She reckons it's part of the reason she gets the types of roles she gets — from Wentworth's fierce prison top dog Bea Smith, to Rake's no-nonsense criminal lawyer Scarlet Engles.
"Everyone's got a different tone to them in terms of their character and those roles do seem to resonate with me and I can't say that I have had a lot of roles where I've played a demure, sitting-in-the-corner, shy girl," she says, laughing.
"But I don't know what that is ... whether the universe is smiling on me or not, or if you believe in all that juju or not — perhaps it's just what sits with me best, where I am placed within myself."
She's probably not wrong.
From the second Cormack answers my call, she's incredibly frank. She accepts praise easily but not hype. She has a distinct sense of self and knows exactly what she wants and how to get it.
Having wrapped filming for both Rake and Wentworth Cormack still hasn't taken a break, and she's not planning to.
She's appeared in a four-part mini-series and a play about pornography and sexuality, travelled to Cambodia as the ambassador for ChildFund New Zealand and Australia, and now she's getting into production and directing, stepping behind the cameras after being in front of them for nearly 30 years.
She's started a production company with her Wentworth co-star Nicole Da Silva with whom she's "working on some ideas" and she's also teamed up with fellow Kiwi actress Claire Chitham (perhaps best known for her role as Waverley Wilson on Shortland Street).
"I think we've come up with a pretty top idea. I can't say much about it yet but I will say it is something that could be filmed only in New Zealand," Cormack teases.
"When I first started writing and being interested in performance, when I was very young, it was all about — for me — the writing and directing, never the performing. So I think it's always been in my bones," she says, but also makes sure to emphasise that it's a "natural career progression" down a "well-trodden path".
At the very least, it means she can finally look at coming back home having previously spoken about her desire to do so, but having had to put it off on account of a lack of work for her here.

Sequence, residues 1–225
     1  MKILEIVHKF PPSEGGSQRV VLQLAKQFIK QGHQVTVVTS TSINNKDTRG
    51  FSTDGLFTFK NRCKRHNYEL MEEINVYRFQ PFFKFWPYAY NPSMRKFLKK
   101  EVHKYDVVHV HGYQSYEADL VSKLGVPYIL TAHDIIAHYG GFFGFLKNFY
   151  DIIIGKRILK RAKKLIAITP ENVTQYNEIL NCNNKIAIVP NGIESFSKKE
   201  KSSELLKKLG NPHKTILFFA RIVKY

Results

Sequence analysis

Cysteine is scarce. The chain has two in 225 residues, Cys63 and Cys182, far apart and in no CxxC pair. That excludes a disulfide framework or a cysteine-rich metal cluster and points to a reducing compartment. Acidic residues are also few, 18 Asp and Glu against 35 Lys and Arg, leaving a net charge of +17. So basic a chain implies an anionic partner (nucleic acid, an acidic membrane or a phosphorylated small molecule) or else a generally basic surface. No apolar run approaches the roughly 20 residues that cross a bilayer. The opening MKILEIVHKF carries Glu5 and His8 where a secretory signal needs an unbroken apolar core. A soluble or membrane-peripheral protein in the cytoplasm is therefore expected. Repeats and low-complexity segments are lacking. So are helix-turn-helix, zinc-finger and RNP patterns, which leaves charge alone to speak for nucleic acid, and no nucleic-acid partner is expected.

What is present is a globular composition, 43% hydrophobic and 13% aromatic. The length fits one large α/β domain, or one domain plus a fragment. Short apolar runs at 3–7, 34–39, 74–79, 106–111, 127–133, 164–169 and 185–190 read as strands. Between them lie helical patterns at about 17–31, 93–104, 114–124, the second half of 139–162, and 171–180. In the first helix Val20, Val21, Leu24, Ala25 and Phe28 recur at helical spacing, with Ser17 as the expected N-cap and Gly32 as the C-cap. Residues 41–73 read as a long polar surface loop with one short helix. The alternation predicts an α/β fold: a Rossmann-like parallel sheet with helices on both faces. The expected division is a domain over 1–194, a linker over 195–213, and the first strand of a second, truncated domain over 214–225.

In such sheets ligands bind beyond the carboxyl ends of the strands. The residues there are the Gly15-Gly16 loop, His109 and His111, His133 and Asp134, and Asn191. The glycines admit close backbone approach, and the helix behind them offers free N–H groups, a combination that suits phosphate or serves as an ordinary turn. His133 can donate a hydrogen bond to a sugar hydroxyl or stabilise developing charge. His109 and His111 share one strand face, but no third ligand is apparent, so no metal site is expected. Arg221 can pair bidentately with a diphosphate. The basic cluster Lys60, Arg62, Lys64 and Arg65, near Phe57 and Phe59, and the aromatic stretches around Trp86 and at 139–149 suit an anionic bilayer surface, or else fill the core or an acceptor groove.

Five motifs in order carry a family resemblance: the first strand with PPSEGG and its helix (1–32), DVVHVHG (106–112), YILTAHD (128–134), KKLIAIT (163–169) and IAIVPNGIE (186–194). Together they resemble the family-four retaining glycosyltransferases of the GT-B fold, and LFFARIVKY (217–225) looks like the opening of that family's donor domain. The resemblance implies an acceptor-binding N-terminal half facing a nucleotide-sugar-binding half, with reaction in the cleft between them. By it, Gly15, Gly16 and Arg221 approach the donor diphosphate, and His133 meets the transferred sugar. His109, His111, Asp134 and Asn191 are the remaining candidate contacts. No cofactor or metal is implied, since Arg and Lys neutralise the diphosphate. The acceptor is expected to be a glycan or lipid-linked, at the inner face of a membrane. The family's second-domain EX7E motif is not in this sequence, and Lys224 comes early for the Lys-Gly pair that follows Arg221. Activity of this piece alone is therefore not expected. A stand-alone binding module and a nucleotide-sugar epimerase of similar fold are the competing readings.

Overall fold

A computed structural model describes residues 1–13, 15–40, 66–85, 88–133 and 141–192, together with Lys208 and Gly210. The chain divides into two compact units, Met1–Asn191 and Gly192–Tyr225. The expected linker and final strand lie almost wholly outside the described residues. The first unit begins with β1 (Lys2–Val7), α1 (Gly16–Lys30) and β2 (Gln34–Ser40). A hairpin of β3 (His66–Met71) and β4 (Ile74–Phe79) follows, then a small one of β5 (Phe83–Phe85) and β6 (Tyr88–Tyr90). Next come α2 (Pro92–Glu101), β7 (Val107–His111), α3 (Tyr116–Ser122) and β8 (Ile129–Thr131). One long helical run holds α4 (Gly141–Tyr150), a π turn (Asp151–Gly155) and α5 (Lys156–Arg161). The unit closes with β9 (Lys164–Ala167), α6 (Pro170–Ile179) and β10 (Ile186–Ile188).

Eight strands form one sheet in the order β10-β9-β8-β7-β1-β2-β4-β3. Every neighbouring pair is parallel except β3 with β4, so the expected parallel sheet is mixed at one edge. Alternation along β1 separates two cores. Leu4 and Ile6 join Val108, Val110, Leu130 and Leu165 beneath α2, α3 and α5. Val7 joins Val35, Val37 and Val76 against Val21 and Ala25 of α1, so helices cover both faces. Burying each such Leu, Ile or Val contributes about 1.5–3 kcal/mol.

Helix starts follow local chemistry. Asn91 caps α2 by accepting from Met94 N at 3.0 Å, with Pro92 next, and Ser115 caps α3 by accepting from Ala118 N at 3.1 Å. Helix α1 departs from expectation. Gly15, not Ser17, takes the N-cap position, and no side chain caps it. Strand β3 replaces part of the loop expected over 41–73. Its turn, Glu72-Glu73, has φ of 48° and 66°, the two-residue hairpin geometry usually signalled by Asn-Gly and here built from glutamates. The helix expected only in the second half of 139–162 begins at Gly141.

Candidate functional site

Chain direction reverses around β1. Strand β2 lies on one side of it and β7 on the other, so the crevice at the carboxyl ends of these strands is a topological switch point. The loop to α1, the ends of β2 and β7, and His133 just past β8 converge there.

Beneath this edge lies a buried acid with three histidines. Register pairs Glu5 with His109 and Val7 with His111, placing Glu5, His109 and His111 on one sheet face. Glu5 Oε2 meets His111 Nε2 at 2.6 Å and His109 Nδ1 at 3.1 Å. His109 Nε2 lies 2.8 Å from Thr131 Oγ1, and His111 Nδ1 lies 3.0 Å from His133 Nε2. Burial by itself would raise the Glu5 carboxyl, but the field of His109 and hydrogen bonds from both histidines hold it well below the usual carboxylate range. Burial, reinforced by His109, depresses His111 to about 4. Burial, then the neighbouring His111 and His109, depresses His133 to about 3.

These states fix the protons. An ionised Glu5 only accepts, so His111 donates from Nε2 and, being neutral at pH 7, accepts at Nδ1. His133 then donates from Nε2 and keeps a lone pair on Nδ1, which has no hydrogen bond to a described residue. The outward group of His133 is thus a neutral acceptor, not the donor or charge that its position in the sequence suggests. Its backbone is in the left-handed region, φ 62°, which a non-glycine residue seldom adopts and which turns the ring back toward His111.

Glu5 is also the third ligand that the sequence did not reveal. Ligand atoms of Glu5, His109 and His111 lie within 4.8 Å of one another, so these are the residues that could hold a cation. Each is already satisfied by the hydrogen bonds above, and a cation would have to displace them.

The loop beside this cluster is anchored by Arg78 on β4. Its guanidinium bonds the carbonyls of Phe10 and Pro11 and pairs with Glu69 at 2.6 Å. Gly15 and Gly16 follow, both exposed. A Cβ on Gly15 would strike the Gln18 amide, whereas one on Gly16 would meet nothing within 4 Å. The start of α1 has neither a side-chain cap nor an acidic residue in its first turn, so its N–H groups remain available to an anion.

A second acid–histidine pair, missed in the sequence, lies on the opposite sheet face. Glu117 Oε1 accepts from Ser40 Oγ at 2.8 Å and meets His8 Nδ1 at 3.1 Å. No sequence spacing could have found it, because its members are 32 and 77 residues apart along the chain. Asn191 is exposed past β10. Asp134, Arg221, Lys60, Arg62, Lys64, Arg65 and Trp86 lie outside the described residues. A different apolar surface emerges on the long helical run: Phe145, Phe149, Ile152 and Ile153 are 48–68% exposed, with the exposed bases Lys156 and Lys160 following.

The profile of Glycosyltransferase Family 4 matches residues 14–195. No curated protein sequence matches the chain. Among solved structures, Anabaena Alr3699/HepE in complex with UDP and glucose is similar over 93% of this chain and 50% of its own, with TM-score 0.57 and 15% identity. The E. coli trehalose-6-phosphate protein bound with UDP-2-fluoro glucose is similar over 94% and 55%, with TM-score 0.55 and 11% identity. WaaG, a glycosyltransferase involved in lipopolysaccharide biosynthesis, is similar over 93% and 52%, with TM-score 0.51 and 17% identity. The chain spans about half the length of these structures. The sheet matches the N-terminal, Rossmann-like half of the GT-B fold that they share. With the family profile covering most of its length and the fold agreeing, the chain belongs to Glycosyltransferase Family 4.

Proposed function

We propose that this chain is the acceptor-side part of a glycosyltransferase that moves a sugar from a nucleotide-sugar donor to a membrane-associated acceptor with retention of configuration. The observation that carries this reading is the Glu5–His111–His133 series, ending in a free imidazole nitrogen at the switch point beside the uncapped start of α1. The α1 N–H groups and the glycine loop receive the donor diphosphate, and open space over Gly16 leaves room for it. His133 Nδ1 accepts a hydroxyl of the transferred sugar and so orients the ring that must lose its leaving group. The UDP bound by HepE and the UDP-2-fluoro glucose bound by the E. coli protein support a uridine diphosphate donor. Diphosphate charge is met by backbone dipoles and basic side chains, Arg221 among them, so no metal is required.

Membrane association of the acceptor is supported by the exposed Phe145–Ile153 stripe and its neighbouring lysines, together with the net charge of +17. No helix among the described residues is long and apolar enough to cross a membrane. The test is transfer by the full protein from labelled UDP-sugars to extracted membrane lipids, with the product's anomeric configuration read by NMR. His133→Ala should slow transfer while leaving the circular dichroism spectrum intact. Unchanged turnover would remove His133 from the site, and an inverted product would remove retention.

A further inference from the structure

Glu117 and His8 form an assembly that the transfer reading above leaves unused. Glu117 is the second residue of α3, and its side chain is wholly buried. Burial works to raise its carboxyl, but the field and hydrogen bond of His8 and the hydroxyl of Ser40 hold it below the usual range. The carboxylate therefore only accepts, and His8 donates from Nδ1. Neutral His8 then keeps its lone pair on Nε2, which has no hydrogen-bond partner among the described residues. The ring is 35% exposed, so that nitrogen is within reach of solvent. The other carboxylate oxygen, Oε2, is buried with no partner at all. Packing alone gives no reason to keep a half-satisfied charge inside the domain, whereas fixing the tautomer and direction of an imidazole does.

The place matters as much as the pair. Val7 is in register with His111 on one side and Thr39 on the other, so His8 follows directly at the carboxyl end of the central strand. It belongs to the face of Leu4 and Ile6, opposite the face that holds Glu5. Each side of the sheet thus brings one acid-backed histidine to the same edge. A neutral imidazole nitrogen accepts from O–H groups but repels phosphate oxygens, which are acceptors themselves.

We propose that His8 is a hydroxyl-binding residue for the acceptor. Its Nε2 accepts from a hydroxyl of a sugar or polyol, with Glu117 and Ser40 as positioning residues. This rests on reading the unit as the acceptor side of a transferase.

She jokes: "Employ me, ya bastards".
But in reality, it comes down to finding the right project — something she hasn't had any trouble with in Australia.
She was drawn to Rake from the minute she started reading the script, which was so good that even though she was about to have a baby and didn't think she'd get the part, she auditioned anyway, simply for the chance to "play with the words and be in the scene" even if it was only once.
"I loved the way [her character Scarlet] vacillates between drama and then extreme comedy and absurdity, it's a really nice course to chart," she says.
It is that, she says, and Scarlet being totally different to her well-loved Wentworth character Bea Smith, that is exciting as an actor.
"I think that Scarlet is stronger in ways that Bea could never be and vice versa. I think Bea has a survival strength that possibly Scarlet wouldn't possess, but I think Scarlet wouldn't have put up with as much as Bea did in the beginning and ended up incarcerated in the first place. I think her sense of self is way more intact than Bea's."
Rake's draw was so strong that despite it being filmed at the same time as Wentworth, Cormack had to make it work.
She had Wentworth's writers schedule her out long enough that she could go and shoot Rake and then return to Wentworth.
"I did all of my scenes in Rake in one hit, which was ... quite a feat — for everyone involved." But it's that dedication she aims to take with her behind the cameras.
"Wentworth is just, the minute you feel safe it rips out the carpet from under your feet and it's really painful again and people want to keep tuning in for that — they like to be persecuted.
And Rake, it invites you to partake in cerebral gymnastics with the cases and the way it views the world within the world, it really puts a spin on the circumstance or enlightens you from a different perspective and that's what I love about it," she says.
"I hope to make shows that engage people as much as [those shows] have, that people want to tune in to watch these stories unfold, to watch their characters — most of the fans we have are so electrified by the content of those shows. That's the point of doing anything in a creative way — to inspire keep engaging."
Season four of Aussie drama
Where and when:
season four premieres Tuesday, August 9 at 8.30pm on Sky's Rialto Channel 39.
Danielle Cormack is also starring in
, currently airing on TV2 on Mondays at 8.30pm.